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Do You Heel 'n Toe?


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#1
armand7

Posted 25 December 2011 - 09:00 AM

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Do you practice heel 'n toe technique during downshifting? Not only it makes driving more fun & faster on mountain/hilly roads, when done properly it could also save your syncros from premature wear.

However I found it too hard to execute properly. Any sifu here got any tips on how to do it properly?

#2
vr2turbo

Posted 25 December 2011 - 07:21 PM

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QUOTE (armand7 @ Dec 25 2011, 09:00 AM) <{POST_SNAPBACK}>
Do you practice heel 'n toe technique during downshifting? Not only it makes driving more fun & faster on mountain/hilly roads, when done properly it could also save your syncros from premature wear.

However I found it too hard to execute properly. Any sifu here got any tips on how to do it properly?

I think need to go for classes for this. I am not into it, but I don't think we can explain over the forum too anyway.... smile_tongue.gif

#3
jacksonljs

Posted 25 December 2011 - 08:19 PM

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In 3-pedal manual cars, there are 2 types of advanced skills during shifting, 1 is double-clutching (be it upshift or downshift) and heel-and-toe (exclusively for downshifting, but the skills is almost similar to double-clutching). Double clutching is the process where before slotting into next gear (be it higher or lower gear), the throttle was blipped one time in order to match the engine speed and gearbox speed and after slotting into right gear and the clutch was released partially (about moving point), the throttle was blipped/hold again before the clutch released fully (accompanied light throttle when upshift and heavier throttle when downshift at the same time). Although car nowadays doesn't require double clutching due to synchromesh mechanism, it's highly recommended when shifting at high speed driving/high engine rpm (>3 ~ 3.5k rpm, or >2 ~ 2.5k rpm for diesel engine).

To execute heel and toe technique properly, 1st, familarize your car's clutch moving point position (usually about half-release before the vehicle started to move) and the km/h per 1000 rpm (rough figure) for each gear and also current travelling speed. But of course, it needs a lot of practice and patience (don't rush).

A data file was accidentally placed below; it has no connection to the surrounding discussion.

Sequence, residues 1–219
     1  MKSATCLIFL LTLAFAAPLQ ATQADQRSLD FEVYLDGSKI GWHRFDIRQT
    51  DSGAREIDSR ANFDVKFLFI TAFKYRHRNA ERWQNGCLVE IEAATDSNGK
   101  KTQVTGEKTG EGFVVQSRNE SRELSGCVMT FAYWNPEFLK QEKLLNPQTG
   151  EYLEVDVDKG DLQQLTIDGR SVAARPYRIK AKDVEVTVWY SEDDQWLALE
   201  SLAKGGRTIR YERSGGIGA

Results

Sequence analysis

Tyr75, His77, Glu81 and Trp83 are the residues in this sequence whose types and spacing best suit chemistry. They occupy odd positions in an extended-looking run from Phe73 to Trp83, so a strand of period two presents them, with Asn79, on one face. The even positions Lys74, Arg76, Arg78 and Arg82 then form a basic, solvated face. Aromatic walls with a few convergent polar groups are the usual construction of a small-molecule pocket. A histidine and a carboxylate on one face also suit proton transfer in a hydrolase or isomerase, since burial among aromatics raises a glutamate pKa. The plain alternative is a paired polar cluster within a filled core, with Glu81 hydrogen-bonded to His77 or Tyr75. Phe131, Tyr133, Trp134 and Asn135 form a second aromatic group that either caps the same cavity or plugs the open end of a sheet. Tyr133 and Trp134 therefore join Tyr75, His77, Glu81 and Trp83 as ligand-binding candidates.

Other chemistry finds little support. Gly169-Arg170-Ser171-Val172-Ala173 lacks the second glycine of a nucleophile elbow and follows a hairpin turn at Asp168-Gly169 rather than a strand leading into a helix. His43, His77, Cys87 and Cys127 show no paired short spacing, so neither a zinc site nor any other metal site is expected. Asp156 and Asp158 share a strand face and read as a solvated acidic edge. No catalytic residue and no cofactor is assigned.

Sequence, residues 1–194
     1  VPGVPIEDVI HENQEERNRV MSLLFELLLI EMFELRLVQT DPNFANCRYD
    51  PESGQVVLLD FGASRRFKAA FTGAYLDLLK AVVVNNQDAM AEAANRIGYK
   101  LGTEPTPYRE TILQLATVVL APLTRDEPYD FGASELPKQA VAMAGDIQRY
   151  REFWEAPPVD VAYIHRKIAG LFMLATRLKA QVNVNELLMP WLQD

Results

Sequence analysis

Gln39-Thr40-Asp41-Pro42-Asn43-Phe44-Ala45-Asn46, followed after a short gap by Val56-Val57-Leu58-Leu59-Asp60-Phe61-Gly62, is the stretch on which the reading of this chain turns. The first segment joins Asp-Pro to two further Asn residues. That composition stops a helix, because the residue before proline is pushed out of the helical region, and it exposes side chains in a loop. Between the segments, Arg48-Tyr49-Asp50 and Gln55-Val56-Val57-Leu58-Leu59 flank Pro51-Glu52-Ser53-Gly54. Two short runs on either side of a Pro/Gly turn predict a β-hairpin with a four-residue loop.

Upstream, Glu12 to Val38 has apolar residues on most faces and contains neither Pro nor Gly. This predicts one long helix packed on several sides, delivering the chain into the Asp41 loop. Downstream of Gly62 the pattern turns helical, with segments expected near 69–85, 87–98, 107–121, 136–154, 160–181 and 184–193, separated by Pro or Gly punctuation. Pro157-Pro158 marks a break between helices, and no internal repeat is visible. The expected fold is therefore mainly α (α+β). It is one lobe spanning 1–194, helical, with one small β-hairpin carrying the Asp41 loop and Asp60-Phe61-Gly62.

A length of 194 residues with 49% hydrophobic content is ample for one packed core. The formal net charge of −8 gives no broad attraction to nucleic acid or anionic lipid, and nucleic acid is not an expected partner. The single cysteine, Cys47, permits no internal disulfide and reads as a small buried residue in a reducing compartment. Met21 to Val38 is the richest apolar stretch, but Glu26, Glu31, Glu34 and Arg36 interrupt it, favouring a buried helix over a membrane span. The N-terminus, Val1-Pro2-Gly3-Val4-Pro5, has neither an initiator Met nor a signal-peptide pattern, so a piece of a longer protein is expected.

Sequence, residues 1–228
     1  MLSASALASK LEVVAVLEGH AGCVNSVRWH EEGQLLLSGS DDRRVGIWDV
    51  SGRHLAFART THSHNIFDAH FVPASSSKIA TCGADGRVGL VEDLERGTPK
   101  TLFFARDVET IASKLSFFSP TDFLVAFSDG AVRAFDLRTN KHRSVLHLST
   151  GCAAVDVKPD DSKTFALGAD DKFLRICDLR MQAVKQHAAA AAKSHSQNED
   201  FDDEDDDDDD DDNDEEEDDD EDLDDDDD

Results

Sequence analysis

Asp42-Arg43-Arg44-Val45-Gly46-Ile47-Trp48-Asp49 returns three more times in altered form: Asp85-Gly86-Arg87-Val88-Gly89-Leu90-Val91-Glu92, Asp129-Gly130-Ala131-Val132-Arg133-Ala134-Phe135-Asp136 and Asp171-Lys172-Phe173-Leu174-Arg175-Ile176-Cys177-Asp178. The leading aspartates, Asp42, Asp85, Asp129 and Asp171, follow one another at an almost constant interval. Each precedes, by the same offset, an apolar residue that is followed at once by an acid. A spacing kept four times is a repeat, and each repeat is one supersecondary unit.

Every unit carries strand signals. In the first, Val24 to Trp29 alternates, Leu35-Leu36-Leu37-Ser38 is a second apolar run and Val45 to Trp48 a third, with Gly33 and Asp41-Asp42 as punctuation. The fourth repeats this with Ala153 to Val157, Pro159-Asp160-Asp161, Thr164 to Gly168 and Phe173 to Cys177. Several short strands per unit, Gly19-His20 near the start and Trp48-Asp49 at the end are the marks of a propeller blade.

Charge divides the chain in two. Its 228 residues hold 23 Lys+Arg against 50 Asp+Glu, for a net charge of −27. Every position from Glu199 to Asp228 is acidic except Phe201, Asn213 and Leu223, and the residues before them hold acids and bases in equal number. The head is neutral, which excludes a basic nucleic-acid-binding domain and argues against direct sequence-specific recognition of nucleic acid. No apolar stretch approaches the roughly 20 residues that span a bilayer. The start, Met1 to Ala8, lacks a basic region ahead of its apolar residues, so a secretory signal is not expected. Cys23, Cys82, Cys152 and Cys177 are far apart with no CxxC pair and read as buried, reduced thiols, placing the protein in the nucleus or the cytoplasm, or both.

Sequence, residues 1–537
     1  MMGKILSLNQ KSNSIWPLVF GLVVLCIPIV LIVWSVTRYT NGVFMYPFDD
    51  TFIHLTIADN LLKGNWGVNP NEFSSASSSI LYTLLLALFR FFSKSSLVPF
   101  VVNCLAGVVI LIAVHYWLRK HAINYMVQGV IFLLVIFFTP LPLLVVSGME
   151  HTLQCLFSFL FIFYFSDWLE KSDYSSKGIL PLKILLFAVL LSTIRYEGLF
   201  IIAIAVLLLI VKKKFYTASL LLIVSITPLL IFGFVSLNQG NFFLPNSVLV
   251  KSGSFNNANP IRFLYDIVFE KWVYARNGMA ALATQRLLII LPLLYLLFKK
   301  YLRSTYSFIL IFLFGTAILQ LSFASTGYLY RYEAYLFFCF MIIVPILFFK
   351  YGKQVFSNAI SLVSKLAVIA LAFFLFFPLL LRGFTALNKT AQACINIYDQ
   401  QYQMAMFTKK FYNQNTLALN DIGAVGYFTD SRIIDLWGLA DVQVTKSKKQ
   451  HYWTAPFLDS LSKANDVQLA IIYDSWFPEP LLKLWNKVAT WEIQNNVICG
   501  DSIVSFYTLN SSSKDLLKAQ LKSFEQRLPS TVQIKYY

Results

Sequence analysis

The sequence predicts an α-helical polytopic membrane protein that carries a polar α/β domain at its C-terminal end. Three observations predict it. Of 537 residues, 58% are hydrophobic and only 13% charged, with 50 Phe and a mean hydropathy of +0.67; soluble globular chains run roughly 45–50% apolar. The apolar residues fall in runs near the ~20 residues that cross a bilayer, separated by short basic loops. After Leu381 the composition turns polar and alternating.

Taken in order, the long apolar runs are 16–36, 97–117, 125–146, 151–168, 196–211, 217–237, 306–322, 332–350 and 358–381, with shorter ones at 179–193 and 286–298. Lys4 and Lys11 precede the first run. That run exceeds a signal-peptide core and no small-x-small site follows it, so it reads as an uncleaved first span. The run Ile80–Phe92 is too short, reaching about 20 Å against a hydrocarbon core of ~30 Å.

For example, the km/h per 1000 rpm for Myvi 1.0 is as follows (rough figure):
1st : 7 ~ 7.5 km/h, 2nd : 12.5 ~ 13 km/h, 3rd : 19 km/h, 4th : 26 km/h, 5th : 31.5 km/h

Let say, current vehicle travelling speed for Myvi 1.0 is about 60 km/h at 4th gear. To downshift into 3rd gear, to execute heel-and-toe properly, the throttle was blipped/hold to about 3k ~ 3.5k rpm as rough estimation to match the engine/gearbox speed with current vehicle speed (roughly at half-release clutch position) before releasing fully the clutch (but not too sudden as the car will jerk).

#4
vr2turbo

Posted 25 December 2011 - 08:32 PM

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Heel n toe is not controlling the accelerator and foot brakes including the clutch at the same time??

#5
jacksonljs

Posted 25 December 2011 - 08:38 PM

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QUOTE (vr2turbo @ Dec 25 2011, 08:32 PM) <{POST_SNAPBACK}>
Heel n toe is not controlling the accelerator and foot brakes including the clutch at the same time??


If the traffic situation doesn't required you to slow down, it's only involved controlling the accelerator and clutch pedal at the same time.

#6
rallychamp

Posted 25 December 2011 - 11:32 PM

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heel n toe only can be optimized during hard braking in racing condition (for me la...not sure for others)


a bit hard to do it during relaxed drive or normal cruise......

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#7
jacksonljs

Posted 26 December 2011 - 12:12 AM

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QUOTE (rallychamp @ Dec 25 2011, 11:32 PM) <{POST_SNAPBACK}>
heel n toe only can be optimized during hard braking in racing condition (for me la...not sure for others)


a bit hard to do it during relaxed drive or normal cruise......


For relaxed/sedate drive and normal cruising, the power requirement is low.